Earlier this week, the company announced a major restructuring effort to reorganize its business and executive team, an announcement that included the resignation of its chief financial officer Stanley Meresman. The company is being forced to realign its priorities as NT becomes an increasingly popular platform and allows other companies to enter its traditional markets.
The reorganization may also help the company on Wall Street. After two quarters of red ink, the company recently reported a small profit. Still, the results weren't up to par with analyst expectations. The results combined with a strong U.S. dollar and weakness in parts of Europe and Asia sunk the company's stock to its 52-week low.
CNET's NEWS.COM talked to Chairman and CEO Edward McCracken about the company's three new operating units and its efforts to focus on its core businesses and growth markets.
NEWS.COM: Compaq, Dell, Gateway, IBM, HP, and Micron now have Intel-based workstation divisions that build both inexpensive Windows NT workstations and increasingly powerful systems. How did that new competition impact your decision to reorganize?
McCracken: What has happened with our strategy and our business
McCracken on workstations
We're very committed to being a long-term supplier of engineering workstations for the engineers and scientists and creative artist professionals. And whether those be NT-based systems or Unix-based systems, we really don't care a lot in the long term. We think we can satisfy those needs best with high-performance Unix systems, and that business is going to grow over the next few years. We're interested in the automotive industry, the aerospace industry, and the entertainment community, and we're committed to being a long-term supplier of engineering workstations to those people.
NEWS.COM: The NT market is growing rapidly, what are your plans for countering
or moving into that market?
McCracken: We don't define it as a NT market, NT is just one technique for getting to a market, just like we don't say there is a Unix market. We define an engineering workstation market, which today is mostly Unix, but tomorrow will have some NT systems in it as well. Our systems are Unix today, but we are not religious about it.
NEWS.COM: One analyst has questioned SGI's ability to capture a significant portion of the commercial marketplace for high-performance machines. Do you have a plan to address that?
McCracken: We're interested in capturing the new commercial
McCracken on new commercial markets
The telecommunications industry throughout the world will be investing hundreds of billions of dollars in improving their infrastructure over the next ten years?[It] will be the world's No. 1 growth market, and the fact that our systems are unusually suited for the network hubs for the new, more network-orientated commercial systems is [an indication] that the market is just beginning.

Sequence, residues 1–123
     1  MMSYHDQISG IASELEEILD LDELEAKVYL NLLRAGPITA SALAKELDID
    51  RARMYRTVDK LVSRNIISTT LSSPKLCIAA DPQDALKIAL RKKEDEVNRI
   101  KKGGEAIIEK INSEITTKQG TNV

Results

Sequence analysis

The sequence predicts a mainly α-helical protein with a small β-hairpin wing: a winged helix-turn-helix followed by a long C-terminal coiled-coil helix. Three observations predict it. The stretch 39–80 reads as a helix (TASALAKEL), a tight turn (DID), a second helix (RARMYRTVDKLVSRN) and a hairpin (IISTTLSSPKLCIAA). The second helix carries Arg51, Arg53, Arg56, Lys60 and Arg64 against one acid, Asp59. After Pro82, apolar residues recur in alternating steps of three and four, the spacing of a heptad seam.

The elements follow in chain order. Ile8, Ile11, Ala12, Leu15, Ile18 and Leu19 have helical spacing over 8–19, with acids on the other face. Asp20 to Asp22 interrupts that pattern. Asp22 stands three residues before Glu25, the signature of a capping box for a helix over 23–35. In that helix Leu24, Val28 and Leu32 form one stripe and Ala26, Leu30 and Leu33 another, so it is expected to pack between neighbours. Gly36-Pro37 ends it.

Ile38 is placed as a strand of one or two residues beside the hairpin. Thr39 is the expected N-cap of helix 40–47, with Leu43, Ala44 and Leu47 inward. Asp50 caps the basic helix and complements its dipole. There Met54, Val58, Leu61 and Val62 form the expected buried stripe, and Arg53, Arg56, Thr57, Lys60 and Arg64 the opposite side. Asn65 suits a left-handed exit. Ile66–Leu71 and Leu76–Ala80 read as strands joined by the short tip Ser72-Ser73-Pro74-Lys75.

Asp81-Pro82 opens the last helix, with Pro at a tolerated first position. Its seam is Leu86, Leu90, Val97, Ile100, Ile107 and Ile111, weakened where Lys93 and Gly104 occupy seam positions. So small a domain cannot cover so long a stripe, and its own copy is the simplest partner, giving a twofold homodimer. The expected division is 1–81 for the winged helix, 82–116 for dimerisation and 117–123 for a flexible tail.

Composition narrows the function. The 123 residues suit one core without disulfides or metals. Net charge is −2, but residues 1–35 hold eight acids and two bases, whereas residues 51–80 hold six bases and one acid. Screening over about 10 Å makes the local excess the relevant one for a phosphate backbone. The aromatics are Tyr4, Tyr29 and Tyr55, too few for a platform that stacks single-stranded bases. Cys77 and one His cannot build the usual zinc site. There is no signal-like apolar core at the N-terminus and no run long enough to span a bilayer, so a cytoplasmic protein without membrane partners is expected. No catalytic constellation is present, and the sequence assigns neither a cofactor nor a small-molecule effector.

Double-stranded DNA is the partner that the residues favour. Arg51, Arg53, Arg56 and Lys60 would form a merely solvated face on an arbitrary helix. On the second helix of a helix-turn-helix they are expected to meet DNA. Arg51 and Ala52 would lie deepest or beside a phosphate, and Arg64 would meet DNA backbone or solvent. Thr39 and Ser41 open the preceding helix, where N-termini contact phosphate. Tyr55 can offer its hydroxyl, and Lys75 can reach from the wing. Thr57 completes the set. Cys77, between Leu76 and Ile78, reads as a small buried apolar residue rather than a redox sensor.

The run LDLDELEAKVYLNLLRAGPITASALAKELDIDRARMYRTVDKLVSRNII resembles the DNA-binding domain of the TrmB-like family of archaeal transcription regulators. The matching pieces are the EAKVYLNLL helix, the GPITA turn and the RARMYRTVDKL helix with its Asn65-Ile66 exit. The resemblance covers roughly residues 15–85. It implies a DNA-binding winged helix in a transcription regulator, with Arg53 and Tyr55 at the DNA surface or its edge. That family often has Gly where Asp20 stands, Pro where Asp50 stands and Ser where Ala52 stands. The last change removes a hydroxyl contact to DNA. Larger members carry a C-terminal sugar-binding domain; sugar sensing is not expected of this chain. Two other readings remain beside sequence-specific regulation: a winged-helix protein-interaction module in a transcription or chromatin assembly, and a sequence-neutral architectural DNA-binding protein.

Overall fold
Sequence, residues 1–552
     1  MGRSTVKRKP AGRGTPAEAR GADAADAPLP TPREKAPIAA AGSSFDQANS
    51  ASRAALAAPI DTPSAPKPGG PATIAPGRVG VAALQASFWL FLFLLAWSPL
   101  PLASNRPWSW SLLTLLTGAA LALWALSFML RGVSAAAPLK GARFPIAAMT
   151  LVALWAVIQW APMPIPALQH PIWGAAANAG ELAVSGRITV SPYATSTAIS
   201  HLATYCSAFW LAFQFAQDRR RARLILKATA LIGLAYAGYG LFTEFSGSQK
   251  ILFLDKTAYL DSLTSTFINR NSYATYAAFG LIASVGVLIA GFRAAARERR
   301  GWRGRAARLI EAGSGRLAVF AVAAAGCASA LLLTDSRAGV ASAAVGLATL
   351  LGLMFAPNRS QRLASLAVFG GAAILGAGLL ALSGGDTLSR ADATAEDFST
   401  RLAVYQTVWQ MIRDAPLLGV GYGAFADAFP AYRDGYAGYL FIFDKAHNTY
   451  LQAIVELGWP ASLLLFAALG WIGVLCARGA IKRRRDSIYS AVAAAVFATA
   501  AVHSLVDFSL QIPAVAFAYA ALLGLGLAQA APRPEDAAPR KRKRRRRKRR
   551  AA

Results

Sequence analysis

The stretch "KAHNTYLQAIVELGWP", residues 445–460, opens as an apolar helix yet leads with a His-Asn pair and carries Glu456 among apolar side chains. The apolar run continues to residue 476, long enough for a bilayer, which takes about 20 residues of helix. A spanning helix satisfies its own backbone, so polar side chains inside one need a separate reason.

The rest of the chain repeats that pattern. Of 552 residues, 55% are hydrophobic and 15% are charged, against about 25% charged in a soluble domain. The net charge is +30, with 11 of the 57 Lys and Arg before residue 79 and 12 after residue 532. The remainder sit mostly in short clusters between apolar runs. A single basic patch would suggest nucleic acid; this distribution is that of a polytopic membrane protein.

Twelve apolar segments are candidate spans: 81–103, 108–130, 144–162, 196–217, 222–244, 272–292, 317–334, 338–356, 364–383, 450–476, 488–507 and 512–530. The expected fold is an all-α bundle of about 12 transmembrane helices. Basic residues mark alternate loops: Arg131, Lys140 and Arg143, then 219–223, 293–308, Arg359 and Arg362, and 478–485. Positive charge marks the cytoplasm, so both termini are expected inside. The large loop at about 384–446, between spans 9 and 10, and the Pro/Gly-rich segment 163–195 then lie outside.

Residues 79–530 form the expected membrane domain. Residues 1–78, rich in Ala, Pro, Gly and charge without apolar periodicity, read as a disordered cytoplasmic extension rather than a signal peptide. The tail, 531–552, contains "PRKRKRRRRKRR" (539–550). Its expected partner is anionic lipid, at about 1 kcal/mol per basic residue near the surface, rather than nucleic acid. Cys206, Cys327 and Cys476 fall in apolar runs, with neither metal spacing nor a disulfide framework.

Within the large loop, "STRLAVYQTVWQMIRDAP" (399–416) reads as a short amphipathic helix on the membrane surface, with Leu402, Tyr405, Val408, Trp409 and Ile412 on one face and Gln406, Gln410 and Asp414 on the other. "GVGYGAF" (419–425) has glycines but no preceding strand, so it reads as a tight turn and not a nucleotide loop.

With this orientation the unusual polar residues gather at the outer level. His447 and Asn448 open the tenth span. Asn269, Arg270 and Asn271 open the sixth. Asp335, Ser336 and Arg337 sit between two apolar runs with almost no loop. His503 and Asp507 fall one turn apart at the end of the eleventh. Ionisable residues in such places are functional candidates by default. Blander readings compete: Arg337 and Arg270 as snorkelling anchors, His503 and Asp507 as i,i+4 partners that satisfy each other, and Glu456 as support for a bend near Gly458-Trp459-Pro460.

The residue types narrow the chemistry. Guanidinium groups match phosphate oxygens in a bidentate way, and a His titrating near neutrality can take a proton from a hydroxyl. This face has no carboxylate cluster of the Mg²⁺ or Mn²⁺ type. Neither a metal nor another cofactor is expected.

NEWS.COM: About a year ago, SGI was a very vocal proponent of Java. But the company has been quiet about that of late. Does SGI support Sun's efforts to submit
to ISO for standardization?
McCracken on standardization of Java
NEWS.COM: During the last quarter, your sales were good, but your production couldn't meet the demand. How will this problem be resolved?
McCracken: Fortunately the O-series product line is now shipping in volume throughout all of its price points, so we think we are on the other end of that curve. We're seeing a lot of momentum in both manufacturing and in the marketplace. We've reorganized to address our processes there, and I think we're coming out the other end of that. We have to prove that to financial communities, of course, and we intend to do that.
Bob Ewald [former head of Cray Supercomputers; now director of SGI's newly formed computer systems unit] is a great leader and good manager. Cray has been known for pretty good processes: for being able to plan their plan and meet their plan. But, there is no question that Bob has a big challenge. Silicon Graphics' research and development and manufacturing is a big operation, and it is probably the most technically sophisticated engineering lab in the world, and it is a big challenge for Bob, but I think he is up to it.
NEWS.COM: What are your goals
for the rest of the year?
McCracken: First thing we are doing is finishing up the transition to the O-series product line. It is a brand new product line from top to bottom. We are working to get the new products well-marketed.
We are also working hard to improve our relationships with customers and are out to target markets and deepen those relationships as we work to install these complex networks of systems across our product line. We are also working to increase the process orientation at Silicon Graphics--the ability to implement repeatable processes over time. We have been a very innovative company, but we need to be a little more predictable. Those things will help us increase our momentum in the marketplace.